Are our domestic IoT devices as just ‘devices’?
Are we taking home automation IoT seriously?
By Steve Smith
When Rob and I founded Astro a significant element of our work involved building voice and telemetry systems for the offshore oil and gas industry and to a lesser degree for military installations. Everything was bespoke to the point where we received blueprints of the system and we sat at the bench and manually soldered the backplane wiring. We then added a number of modules including: modems, echo suppressors, echo cancellers, analog bridges, signalling units and power supplies. Rarely were the modules all the same physical size so the chassis and our wiring had to accommodate this.
On completion we would fine tune the equipment and set the analog levels throughout the chassis as each module had its own operating tolerances. At the end of a system build we would have up to 30 individually bespoke chassis to serve each location of the single system.
These bespoke systems were inherently secure as there was no online access and no commonality across the equipment so for anyone trying to just tap into the system to monitor what was going on faced a serious challenge. It certainly wasn’t impossible, and it did happen, but it was far from common.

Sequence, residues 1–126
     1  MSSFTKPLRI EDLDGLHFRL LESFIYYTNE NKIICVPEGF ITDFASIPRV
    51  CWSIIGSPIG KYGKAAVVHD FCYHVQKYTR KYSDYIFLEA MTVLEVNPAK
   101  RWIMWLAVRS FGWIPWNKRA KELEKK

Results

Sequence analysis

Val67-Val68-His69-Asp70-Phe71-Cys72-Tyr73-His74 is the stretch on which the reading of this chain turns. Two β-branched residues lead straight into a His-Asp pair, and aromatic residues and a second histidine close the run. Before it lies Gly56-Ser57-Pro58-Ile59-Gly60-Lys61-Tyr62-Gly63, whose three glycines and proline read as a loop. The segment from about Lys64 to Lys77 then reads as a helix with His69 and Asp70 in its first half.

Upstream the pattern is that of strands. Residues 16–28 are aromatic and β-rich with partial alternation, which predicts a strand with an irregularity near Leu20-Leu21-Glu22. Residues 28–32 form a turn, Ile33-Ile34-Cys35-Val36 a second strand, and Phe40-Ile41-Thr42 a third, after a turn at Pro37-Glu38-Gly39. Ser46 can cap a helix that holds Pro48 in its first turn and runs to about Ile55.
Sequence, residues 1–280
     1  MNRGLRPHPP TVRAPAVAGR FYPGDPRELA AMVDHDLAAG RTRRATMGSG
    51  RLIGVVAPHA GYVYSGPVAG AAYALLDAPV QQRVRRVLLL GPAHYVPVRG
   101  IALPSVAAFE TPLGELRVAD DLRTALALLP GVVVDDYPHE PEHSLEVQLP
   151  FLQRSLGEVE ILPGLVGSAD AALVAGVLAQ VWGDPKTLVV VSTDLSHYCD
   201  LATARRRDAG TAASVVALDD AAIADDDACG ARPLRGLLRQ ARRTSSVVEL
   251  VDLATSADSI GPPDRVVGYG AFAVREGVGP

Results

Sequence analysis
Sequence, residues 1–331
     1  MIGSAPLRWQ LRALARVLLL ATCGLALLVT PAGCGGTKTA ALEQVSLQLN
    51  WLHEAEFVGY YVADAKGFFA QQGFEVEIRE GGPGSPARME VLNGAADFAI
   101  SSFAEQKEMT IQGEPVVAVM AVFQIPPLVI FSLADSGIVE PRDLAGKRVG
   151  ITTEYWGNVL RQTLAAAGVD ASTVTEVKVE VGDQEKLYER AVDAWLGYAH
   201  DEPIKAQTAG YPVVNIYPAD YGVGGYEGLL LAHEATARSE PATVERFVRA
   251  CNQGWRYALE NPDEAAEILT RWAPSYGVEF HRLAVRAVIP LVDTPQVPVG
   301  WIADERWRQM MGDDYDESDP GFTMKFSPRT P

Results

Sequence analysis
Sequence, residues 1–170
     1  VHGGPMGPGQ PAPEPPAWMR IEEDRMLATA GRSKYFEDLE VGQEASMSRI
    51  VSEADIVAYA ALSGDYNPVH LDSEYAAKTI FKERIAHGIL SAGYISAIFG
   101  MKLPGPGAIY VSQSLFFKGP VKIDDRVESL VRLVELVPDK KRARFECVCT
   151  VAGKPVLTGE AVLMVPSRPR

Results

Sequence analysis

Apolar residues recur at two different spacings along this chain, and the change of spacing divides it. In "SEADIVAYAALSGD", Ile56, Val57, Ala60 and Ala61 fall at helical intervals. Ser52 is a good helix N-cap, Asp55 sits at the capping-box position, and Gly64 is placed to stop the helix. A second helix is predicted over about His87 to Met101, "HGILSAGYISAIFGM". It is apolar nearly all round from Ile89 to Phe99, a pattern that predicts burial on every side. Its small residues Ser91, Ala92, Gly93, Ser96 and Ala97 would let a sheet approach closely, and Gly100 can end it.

I see many similarities between these legacy telemetry systems and today’s Internet of Things or IoT. However, in the IoT world of today we have a significantly different landscape. In particular with the IoT we are opening up our homes and private lives to a plethora of devices, applications and data lakes all constantly under attack from nefarious actors including cybercriminals, hostile nations and terrorists. We are also considerably more tolerant to reliability issues: we are used to mobile phones dropping connections, having to reboot PCs and having to power off reset a plethora of ‘intelligent’ devices that we use in our everyday lives.
I recently attended a dinner at the Armourer’s Hall in the City of London organized by the Information Systems Security Association. Vint Cerf – one of the “fathers of the Internet” – was the guest speaker. Vint had some very interesting points on the IoT technology we are welcoming into our homes with open arms.